LEONARD — The identity of the Tiger offense has changed since the playoffs started. A unit once known for keeping the ball on the ground has found unprecedented postseason success by turning things loose through the air.

LEONARD — The identity of the Tiger offense has changed since the playoffs started. A unit once known for keeping the ball on the ground has found unprecedented postseason success by turning things loose through the air.


Even a tweak in philosophy might be more of an off-season endeavor but Leonard is making the transition look easy at the toughest time of year.


"Our kids are smart. That’s the biggest thing — our football I.Q. is the best it’s ever been here," Tigers head coach Shane Fletcher said. "They line up at different positions. We ask them to do so much and they adapt well."


Leading the way has been an offensive line adjusting on the fly. Senior Cameron Adkins and juniors Juan Martinez, Dylan Pelton, Justin Baker and Tristan Farber have gone from a run-blocking focus to providing more protection for the passing game.


"I think we’ve made a pretty easy transition to it," Adkins said. "We’ve really needed to step up. That’s exactly what we did."


The latest effort has Leonard (11-3) facing Cisco (14-0) in a Class 2A Division II state semifinal at 4 p.m. on Saturday at Saginaw Chisholm Trail. Both teams are on short rest having played on Monday afternoon and the winner has another quick turnaround against either Waskom or Refugio in the state championship game at 8 p.m. on Thursday at AT&T Stadium in Arlington.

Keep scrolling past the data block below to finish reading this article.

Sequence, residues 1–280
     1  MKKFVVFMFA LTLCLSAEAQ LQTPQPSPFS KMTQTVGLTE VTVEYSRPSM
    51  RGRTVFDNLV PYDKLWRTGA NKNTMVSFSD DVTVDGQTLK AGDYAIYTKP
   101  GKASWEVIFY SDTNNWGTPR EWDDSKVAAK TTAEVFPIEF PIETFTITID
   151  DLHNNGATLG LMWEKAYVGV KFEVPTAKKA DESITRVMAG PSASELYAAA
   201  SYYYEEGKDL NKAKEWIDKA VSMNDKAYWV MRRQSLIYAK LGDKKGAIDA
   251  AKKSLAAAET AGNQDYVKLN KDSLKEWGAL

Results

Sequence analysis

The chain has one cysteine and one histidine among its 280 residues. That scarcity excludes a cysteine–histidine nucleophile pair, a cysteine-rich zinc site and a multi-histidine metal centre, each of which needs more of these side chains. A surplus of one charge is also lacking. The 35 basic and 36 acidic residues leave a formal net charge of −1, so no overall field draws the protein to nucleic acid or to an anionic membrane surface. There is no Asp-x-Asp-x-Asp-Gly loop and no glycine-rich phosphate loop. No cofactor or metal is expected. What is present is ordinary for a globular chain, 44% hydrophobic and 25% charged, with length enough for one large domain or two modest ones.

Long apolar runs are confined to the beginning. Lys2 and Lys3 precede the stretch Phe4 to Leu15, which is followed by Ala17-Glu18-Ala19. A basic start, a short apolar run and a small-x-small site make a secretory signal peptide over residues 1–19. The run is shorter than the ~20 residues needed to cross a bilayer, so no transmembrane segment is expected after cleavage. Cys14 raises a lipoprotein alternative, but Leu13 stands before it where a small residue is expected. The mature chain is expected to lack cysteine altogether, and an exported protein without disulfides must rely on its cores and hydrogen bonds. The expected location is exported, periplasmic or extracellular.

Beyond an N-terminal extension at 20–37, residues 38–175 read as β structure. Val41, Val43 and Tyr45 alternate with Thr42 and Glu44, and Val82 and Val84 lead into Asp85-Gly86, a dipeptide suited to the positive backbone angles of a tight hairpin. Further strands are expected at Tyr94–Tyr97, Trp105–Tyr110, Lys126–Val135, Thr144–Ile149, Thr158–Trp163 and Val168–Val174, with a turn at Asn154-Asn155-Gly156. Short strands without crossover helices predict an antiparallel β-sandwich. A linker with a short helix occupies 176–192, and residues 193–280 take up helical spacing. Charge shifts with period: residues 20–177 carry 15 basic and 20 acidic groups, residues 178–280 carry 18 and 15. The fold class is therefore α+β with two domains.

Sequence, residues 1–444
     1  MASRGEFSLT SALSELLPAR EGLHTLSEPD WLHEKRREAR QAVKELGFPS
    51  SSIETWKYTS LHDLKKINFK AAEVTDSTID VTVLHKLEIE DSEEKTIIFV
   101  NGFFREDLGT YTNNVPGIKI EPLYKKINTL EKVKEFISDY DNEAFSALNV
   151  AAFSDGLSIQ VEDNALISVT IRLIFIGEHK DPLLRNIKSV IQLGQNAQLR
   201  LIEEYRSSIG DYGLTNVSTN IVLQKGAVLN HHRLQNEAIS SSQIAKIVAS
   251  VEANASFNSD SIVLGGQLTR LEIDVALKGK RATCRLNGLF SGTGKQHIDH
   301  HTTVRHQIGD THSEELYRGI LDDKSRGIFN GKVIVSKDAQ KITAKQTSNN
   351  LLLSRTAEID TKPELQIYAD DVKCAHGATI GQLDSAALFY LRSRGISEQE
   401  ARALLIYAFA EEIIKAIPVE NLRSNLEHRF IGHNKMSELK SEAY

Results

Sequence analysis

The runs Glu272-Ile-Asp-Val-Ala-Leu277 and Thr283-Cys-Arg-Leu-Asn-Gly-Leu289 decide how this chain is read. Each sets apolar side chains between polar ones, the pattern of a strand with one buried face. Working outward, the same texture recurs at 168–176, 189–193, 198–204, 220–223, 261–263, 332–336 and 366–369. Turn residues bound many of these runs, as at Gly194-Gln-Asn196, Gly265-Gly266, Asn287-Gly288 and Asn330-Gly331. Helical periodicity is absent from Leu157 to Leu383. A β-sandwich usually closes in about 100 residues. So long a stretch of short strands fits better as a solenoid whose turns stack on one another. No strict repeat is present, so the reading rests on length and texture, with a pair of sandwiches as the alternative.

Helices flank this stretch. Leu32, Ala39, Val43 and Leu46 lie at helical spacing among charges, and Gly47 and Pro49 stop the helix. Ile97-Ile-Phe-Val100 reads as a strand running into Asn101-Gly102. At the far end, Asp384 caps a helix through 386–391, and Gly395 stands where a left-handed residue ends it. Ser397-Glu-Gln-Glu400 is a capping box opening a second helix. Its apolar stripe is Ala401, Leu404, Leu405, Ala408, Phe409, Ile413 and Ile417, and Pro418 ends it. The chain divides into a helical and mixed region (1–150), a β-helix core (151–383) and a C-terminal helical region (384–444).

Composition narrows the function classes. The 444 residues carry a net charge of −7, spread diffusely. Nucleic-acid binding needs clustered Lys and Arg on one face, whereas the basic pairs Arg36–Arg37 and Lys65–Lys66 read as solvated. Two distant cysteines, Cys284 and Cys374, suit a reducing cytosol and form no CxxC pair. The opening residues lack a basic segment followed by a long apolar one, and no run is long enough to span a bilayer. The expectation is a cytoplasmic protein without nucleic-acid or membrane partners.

"At some point the light comes on and the lights came on for that group," Fletcher said.


Coming into the year Pelton and Farber were returning starters. A year ago Adkins was a back-up on varsity, Martinez wasn’t starting on the junior varsity and Baker wasn’t even playing football after taking off his sophomore year. Now they have combined to protect during this outstanding run, which is leaning on the pass.


"We learned to compete together as a team and function," Baker said. "We just go out and give it all we have. You’ve got to go out there and play like it’s any other week."


Leonard has spread the ball around but opened the season getting Solomon Titus, Dylan Monck, Justin Bennett and Ryan Nixon their touches on the ground.


Now the Tigers are doing a lot of their damage through the air with Ty McKinney and Colson Coheley becoming more of a factor.


During the 10-game regular season, Bennett average just eight passing attempts per game. In the four postseason contests, the senior QB has thrown nine, seven, 12 and 19 passes.


"Bennett’s really turned it on in the playoffs," Fletcher said. "It helps your running game so much."


Bennett and Nixon combined for nine touchdown passes in the regular season. In the playoffs they already have nine in less than half the games.


Leonard continued its best season in school history with a 28-20 victory over Cooper in the Region II final. Titus ran for 190 yards and a touchdown on 26 carries while Bennett threw three touchdown passes — two to Monck and then another to Nixon with just under two minutes left to provide a cushion.